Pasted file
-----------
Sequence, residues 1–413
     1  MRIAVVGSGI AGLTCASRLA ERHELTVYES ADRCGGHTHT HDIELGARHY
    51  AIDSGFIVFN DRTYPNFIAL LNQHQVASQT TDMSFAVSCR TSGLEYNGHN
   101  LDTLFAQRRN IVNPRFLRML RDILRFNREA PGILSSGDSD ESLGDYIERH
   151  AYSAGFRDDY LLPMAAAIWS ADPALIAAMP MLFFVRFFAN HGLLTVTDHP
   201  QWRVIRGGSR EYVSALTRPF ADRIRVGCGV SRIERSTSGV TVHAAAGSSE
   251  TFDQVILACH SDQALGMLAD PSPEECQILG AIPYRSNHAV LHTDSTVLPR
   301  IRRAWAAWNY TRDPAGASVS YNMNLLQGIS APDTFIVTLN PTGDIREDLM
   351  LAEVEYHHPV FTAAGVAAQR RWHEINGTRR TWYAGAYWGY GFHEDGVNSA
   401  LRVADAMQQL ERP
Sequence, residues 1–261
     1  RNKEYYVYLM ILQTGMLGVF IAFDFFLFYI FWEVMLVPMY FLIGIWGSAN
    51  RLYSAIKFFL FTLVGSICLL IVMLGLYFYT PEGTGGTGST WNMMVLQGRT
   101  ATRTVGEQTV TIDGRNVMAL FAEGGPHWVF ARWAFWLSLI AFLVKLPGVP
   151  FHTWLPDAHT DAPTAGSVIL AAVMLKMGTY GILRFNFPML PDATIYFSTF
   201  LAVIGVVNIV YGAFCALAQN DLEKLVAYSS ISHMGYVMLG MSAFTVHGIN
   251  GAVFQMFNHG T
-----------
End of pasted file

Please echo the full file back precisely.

Sequence, residues 1–413
     1  MRIAVVGSGI AGLTCASRLA ERHELTVYES ADRCGGHTHT HDIELGARHY
    51  AIDSGFIVFN DRTYPNFIAL LNQHQVASQT TDMSFAVSCR TSGLEYNGHN
   101  LDTLFAQRRN IVNPRFLRML RDILRFNREA PGILSSGDSD ESLGDYIERH
   151  AYSAGFRDDY LLPMAAAIWS ADPALIAAMP MLFFVRFFAN HGLLTVTDHP
   201  QWRVIRGGSR EYVSALTRPF ADRIRVGCGV SRIERSTSGV TVHAAAGSSE
   251  TFDQVILACH SDQALGMLAD PSPEECQILG AIPYRSNHAV LHTDSTVLPR
   301  IRRAWAAWNY TRDPAGASVS YNMNLLQGIS APDTFIVTLN PTGDIREDLM
   351  LAEVEYHHPV FTAAGVAAQR RWHEINGTRR TWYAGAYWGY GFHEDGVNSA
   401  LRVADAMQQL ERP
Sequence, residues 1–261
     1  RNKEYYVYLM ILQTGMLGVF IAFDFFLFYI FWEVMLVPMY FLIGIWGSAN
    51  RLYSAIKFFL FTLVGSICLL IVMLGLYFYT PEGTGGTGST WNMMVLQGRT
   101  ATRTVGEQTV TIDGRNVMAL FAEGGPHWVF ARWAFWLSLI AFLVKLPGVP
   151  FHTWLPDAHT DAPTAGSVIL AAVMLKMGTY GILRFNFPML PDATIYFSTF
   201  LAVIGVVNIV YGAFCALAQN DLEKLVAYSS ISHMGYVMLG MSAFTVHGIN
   251  GAVFQMFNHG T